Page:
Equipping the Volunteer Firefighters
Equipment is vital to any fire company and a source of pride. From the time of the earliest hand-drawn engines and hand pumpers to the development of the latest hi-tech equipment, fire companies have taken great pride in maintaining and demonstrating the abilities of their equipment.
In July of 1877, the DeLand Fire Company held the first equipment demonstration in Fairport, stretching 650 feet of hose down North Main Street and throwing a stream of water up 40 feet. A parade led by the Fairport Cornet Band followed, ending up on West Avenue at Shaw's Hall where a grand ball was held as a fundraiser for the purchase of a hose cart.
By September, the company had raised $600 for the purchase of a hook and ladder wagon with six ladders ranging from 9 to 40 feet in length, hooks, pike poles, axes, lanterns, ropes, two dozen buckets and two small hand Babcock extinguishers.
The wagon was stored in the Herald Building (subsequently the Fairport Hatchery and now recreational vehicles). The hose cart, hauled by 20 men and carried about 100 feet of hose, was also stored in the same building. In 1878, Levi DeLand arranged to purchase a Silsby steam fire engine to add to the DeLand Fire Company's fire fighting ability.
The first motorized equipment, a Brockway truck, purchased from the American LaFrance Company, was made between 1918 and 1919. Within several years, the entire company was motorized, including a hook and ladder truck, a 350-gallon pumper, and 1,000 feet of hose. All of that equipment cost $11,000.
By the early 1950's, the Fairport fire companies maintained four completely motorized pieces of equipment. A combination truck, consisting of a pumper, 150 gallon booster tank and 1,000 feet of hose, was housed on the north side of town in a small firehouse on North Main Street.
The main fire house, located next to the municipal building on South Main Street and erected in 1931, accommodated a second combination truck with a pumper, a 350-gallon booster tank and 900 feet of hose; a triple combination hook and ladder truck with ladders, poles and a smaller pump, and 900 feet of hose; and an emergency truck or squad car which carried search lights, blankets, an inhalator-resuscitator, first-aid equipment, and a foamite generator. In addition, there was also a surplus auxiliary pumper. Each truck was equipped with gas masks and chemical hand extinguishers as well.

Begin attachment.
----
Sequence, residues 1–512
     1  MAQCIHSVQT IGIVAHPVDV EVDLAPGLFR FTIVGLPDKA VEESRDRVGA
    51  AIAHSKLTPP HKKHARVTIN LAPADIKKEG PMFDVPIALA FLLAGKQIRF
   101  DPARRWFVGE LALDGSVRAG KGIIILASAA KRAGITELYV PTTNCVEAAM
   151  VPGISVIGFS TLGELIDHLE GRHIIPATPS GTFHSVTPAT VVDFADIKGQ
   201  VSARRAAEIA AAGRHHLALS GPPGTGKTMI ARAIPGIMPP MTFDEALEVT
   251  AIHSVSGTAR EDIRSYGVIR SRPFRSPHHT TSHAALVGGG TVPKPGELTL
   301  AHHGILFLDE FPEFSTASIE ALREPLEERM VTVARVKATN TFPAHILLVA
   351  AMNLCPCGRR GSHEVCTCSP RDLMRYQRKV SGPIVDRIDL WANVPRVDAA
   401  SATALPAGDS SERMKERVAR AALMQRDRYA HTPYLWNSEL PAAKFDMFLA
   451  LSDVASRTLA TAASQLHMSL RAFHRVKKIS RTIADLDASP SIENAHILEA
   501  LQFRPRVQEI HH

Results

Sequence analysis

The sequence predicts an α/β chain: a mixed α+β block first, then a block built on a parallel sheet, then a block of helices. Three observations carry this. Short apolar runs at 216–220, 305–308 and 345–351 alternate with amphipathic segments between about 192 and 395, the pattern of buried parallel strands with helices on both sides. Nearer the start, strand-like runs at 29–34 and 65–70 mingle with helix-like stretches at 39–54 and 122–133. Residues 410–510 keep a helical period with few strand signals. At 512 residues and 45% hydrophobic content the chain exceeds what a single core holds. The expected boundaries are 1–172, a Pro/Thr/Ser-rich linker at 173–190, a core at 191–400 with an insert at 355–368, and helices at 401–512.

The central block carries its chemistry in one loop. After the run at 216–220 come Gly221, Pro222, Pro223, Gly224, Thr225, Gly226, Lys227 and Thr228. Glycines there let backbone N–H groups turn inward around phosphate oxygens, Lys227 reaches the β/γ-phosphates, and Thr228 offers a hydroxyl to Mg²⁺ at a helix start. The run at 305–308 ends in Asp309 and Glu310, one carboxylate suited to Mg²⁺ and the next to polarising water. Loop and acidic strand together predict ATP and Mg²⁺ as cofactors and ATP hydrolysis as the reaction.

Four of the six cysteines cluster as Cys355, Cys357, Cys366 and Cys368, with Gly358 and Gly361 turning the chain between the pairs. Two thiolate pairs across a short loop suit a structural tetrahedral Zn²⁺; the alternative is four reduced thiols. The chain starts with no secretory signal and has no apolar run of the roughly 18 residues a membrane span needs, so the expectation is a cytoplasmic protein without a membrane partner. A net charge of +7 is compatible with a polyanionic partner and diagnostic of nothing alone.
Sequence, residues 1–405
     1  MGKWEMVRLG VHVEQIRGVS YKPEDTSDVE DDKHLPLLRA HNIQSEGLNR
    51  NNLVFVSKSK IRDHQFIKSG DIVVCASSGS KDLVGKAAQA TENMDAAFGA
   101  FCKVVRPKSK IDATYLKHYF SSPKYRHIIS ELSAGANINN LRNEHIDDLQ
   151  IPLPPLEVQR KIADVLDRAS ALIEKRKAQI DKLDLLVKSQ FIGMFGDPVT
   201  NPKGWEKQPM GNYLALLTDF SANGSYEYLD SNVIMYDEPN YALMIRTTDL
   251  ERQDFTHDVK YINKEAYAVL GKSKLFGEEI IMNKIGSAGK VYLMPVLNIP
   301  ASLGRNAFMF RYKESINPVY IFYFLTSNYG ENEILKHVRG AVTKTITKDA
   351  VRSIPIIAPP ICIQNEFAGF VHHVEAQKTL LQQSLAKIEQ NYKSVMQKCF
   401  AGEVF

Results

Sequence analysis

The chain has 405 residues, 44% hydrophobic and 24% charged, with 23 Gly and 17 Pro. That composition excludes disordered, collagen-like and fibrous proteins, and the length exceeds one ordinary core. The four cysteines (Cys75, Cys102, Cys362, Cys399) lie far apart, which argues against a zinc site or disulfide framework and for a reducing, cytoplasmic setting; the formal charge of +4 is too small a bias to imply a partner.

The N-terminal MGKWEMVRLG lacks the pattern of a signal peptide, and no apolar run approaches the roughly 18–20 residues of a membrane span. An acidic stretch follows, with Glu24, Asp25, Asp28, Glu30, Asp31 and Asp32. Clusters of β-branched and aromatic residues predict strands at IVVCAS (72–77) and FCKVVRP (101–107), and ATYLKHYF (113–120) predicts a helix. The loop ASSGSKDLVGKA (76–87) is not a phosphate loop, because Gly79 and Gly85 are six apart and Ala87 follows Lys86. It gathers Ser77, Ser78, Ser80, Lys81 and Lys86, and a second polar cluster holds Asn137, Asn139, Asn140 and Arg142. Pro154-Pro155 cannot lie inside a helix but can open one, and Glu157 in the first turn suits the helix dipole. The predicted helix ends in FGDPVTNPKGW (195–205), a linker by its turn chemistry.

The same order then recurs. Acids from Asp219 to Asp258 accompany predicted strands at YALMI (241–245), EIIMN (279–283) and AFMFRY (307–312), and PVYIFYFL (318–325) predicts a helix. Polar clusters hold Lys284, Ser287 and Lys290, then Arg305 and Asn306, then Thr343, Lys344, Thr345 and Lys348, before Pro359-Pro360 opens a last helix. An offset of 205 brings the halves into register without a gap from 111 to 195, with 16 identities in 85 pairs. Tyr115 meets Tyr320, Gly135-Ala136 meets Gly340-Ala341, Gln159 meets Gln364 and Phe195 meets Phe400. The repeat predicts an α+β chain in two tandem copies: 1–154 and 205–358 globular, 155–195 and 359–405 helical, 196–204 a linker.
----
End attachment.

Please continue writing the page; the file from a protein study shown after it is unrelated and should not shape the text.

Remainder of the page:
In subsequent years, the fire companies have continued to upgrade their equipment and facilities. In the early 1970's, a new structure was built on West Whitney Road to house equipment for that part of the town. It was named Stewart Station in honor of long-time firefighter Clair Stewart, who began his service in 1926, and served as chief from 1940 to 1964.
In 1981, the main Fairport firehouse includes among its vehicles a 4-door Hurricane pumper with a Hale 1,550 gallon-per-minute pump and a 750-gallon tank that carries a crew of six; and a truck designed to fight grass fires and to aid in auto extrication and off-road rescues.
In addition to these, the department has three more pumpers, a ladder truck, and three rescue trucks. Nearly all of the vehicles carry EMS supplies. One of the newest pieces of equipment is a thermal imaging camera that allows firefighters to see through dense smoke to identify victims or hidden hot spots.
Prior to 1916, a fire alarm consisted of the general blast of the fire whistle followed by another series of one, two, three or four blasts, depending on which quadrant of the village the fire was located. District one was to the southwest of the canal, two was to the southeast, three was to the northwest and four was to the northeast.
In 1917, a new alarm system was installed along with fire alarm boxes, and in 1921 a new fire whistle was installed in the municipal building. By the 1950's, each segment of the village was identified by a signal code and there were approximately 17 alarm boxes available. Today there are only two alarm boxes, one at the East Church Street station and one at the Whitney Road (Stewart) station. The area signal codes are gone, and the volunteers are alerted either by radio dispatch or by digital pagers. The fire whistle itself consists of a series of double blasts.
The Fairport fire companies have responded to an increasing number of calls over the years as the population of the community continues to grow. In 1962, they responded to 130 alarms. By 2000, the number had grown to 760.
The Fairport companies protect the village of Fairport, and the areas of Perinton generally bounded by Ayrault Road in the south, Baird Road in the west, and the town lines in the east and north. The volunteers of the Bushnell's Basin, Egypt, Penfield, and East Rochester fire departments cover the other areas of Perinton.